- After a preposition, use whom not who.
- After a preposition, use whether not if.
- If you're going to say something like my wife and I, make sure it's the subject of your sentence, otherwise it should be me and my wife.
- You can't say between you and I. It's between you and me.
Object of a PrepositionThe words that follow a preposition are called the object of the preposition.
- The cat ran under the car. (The words the car are the object of the preposition under.)
- Can you give this parcel to him tomorrow? (The word him is the object of the preposition to.)
- Can you give the parcel to him? (He changes to him in the objective case.)
- I went to the cinema with them. (They changes to them in the objective case.)
- Andy saw the scouts, at least one of whom was armed, through the mist. (Whom – objective case after the preposition of)
- Against whom did you protest if there was nobody present? (Whom – objective case after the preposition against)
As covered in the lesson on prepositions, a preposition usually sits before a noun (i.e., a word like dog, man, house, Alan) or a pronoun (i.e., a word like him, her, which, it, them). This is worth knowing because the object of a preposition is always in the objective case, and pronouns change in this case. (That sounds really complicated, but it just means that he changes to him when you say something like next to him, and she changes to her when you say something like It's for her. In general, native English speakers have little trouble forming the objective case.)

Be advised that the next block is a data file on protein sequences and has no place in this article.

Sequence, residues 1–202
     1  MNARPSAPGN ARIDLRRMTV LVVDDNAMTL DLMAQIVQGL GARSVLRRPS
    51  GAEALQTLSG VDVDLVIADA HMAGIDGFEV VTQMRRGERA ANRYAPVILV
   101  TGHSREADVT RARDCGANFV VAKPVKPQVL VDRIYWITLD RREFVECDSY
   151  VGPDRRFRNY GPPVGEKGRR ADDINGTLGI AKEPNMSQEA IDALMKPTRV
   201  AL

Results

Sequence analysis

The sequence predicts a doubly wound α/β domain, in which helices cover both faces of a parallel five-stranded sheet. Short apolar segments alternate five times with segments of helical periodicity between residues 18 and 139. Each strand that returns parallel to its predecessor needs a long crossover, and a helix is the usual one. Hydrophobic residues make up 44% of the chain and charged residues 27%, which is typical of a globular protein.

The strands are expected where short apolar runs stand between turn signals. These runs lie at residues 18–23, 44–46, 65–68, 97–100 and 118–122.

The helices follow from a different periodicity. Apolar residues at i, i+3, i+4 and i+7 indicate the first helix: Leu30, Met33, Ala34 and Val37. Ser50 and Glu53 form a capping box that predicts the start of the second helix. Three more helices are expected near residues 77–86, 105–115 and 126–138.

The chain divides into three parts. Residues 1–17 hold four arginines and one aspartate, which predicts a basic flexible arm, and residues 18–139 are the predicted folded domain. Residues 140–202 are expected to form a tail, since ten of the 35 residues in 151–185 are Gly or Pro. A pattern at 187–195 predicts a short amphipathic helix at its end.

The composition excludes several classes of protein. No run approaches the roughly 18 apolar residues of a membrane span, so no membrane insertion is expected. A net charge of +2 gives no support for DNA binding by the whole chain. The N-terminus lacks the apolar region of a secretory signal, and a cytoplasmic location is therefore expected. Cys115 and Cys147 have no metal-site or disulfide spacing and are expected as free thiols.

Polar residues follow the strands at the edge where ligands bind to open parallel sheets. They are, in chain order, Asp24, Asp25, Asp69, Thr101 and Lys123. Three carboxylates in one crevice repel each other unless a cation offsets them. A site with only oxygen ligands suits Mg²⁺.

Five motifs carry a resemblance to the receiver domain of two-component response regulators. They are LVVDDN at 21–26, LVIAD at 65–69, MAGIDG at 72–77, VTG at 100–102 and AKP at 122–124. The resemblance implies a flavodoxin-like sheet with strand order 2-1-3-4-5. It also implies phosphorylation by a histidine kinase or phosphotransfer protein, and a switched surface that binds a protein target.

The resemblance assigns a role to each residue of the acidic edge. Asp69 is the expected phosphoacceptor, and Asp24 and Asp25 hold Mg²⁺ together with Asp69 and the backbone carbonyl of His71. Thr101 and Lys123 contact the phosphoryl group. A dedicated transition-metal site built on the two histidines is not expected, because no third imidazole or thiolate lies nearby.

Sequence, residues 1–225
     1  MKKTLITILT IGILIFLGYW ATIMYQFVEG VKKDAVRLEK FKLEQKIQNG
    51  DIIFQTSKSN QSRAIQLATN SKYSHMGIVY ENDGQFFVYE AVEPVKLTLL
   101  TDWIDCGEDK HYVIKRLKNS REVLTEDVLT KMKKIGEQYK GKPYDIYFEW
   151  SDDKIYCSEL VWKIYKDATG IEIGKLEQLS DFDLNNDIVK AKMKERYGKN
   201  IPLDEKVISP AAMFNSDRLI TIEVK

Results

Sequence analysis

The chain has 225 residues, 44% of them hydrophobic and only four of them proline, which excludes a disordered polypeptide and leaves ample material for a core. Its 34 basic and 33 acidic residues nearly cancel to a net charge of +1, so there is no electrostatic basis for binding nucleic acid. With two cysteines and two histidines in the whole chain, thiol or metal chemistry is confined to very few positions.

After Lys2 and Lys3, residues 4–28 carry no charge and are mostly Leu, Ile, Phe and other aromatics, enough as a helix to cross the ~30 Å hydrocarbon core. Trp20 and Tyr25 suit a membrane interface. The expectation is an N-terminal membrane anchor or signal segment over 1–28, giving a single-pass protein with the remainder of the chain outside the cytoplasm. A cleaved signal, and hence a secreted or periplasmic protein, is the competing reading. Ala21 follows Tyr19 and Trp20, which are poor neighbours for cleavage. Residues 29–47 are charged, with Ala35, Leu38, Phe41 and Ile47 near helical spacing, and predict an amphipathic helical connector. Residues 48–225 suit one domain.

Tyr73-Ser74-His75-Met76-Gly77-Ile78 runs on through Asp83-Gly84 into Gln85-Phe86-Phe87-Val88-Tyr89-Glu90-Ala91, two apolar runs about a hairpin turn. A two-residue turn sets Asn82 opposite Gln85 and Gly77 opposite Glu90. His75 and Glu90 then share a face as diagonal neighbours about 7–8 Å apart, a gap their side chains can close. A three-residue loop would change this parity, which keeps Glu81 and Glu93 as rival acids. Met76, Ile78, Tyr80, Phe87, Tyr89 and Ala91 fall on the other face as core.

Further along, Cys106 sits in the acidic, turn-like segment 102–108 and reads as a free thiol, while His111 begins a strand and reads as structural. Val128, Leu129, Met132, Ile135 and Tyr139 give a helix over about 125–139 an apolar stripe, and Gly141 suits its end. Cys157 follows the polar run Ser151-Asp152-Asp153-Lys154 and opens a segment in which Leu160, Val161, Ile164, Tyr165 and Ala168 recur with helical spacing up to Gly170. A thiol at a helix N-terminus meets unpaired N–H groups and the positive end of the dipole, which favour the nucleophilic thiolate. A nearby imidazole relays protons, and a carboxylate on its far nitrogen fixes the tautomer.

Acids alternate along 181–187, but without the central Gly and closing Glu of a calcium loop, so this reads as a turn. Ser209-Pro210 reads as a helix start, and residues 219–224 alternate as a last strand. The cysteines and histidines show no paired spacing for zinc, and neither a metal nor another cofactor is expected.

Who and WhomThe problem seems to be with who and whom. These two words are no different from pairings like I/me, he/him, she/her, we/us, and they/them, but they are responsible for a lot more grammar mistakes.
The word whom is the objective case of who, and this pairing causes some confusion. (This is covered more in the lesson Who and Whom.)
should be "Two hits to whom?"
(grammatically dodgy joke in a university magazine)
Many are unsure when to use who and whom. One thing is for certain: Always use whom after a preposition.
should be "by whom?"
WHETHER AFTER A PREPOSITION
Some writers are unsure when to use whether and when to use if. After a preposition, only whether can be used:
- A decision about whether the elections were legal is pending.
- Will you raise the question of whether we are investing in the system or withdrawing?
See the lesson Whether and If.
Too often, people use I in expressions like you and I or my wife and I when they should be using me.
- It is a present from my wife and me. (me – objective case of I after the preposition from)
- It is a present from my wife and I. (This is as wrong as saying from I.)
- Keep this between you and I. (This is as wrong as saying between I and the post.)
Remember, prepositions govern the objective case. Therefore, the word I must change to me when it is the object of a preposition (i.e., follows the preposition). The fact that it is preceded by you and or my wife and is actually irrelevant.
You should only use I in an expression like you and I when it is the subject of the verb. For example:
- You and I argue on this subject on a daily basis. (You and I — subject of the verb to argue)
- My husband and I accept your apology. (My husband and I — subject of the verb to accept)
If the terms objective case and subject of a verb are confusing, there is a neat trick to determine whether to use the you and I form or the you and me form. Simply remove everything apart from the I and try your sentence again. You will naturally use the correct version.
- It was proposed by my wife and I/me. Question: I or me?
- It was proposed by my wife and me.
- It was proposed by my wife and I.
Step 1: Remove my wife and
Step 2: Try the sentence again.
Step 3a: It was proposed by I.
Step 3b: It was proposed by me.